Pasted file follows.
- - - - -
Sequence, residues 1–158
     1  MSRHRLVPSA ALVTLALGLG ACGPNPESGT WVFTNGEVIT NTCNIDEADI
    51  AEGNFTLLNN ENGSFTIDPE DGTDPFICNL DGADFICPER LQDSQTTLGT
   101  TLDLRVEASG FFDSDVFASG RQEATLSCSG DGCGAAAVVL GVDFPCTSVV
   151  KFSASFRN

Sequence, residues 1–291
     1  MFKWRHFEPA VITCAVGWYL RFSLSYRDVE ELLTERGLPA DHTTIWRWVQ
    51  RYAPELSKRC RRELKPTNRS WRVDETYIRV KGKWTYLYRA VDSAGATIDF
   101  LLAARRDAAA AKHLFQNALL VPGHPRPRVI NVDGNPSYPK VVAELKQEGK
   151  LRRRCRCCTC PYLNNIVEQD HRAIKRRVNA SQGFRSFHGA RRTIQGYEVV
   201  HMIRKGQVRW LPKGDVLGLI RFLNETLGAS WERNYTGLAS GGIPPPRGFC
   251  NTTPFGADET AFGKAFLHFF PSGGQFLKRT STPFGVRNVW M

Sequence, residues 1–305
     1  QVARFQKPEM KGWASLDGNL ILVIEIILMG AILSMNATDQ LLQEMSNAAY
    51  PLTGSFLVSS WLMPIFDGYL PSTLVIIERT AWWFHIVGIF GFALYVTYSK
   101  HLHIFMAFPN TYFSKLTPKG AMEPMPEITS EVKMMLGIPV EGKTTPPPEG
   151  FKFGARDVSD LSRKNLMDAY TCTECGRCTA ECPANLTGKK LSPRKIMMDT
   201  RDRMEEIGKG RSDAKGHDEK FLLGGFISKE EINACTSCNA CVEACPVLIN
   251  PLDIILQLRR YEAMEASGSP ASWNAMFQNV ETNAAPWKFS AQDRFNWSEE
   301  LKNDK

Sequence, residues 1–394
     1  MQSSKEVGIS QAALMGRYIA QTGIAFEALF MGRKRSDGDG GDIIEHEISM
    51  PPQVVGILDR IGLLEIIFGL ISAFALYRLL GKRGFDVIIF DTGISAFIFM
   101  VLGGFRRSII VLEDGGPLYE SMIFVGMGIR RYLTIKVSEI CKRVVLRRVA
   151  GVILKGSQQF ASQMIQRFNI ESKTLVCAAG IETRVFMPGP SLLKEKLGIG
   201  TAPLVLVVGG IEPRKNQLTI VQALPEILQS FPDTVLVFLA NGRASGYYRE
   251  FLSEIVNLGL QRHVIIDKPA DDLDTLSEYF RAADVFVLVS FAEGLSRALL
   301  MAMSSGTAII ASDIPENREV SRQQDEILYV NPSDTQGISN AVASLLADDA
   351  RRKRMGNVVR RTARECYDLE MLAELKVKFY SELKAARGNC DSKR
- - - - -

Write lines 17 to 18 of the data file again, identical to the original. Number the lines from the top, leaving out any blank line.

   151  FKFGARDVSD LSRKNLMDAY TCTECGRCTA ECPANLTGKK LSPRKIMMDT
   201  RDRMEEIGKG RSDAKGHDEK FLLGGFISKE EINACTSCNA CVEACPVLIN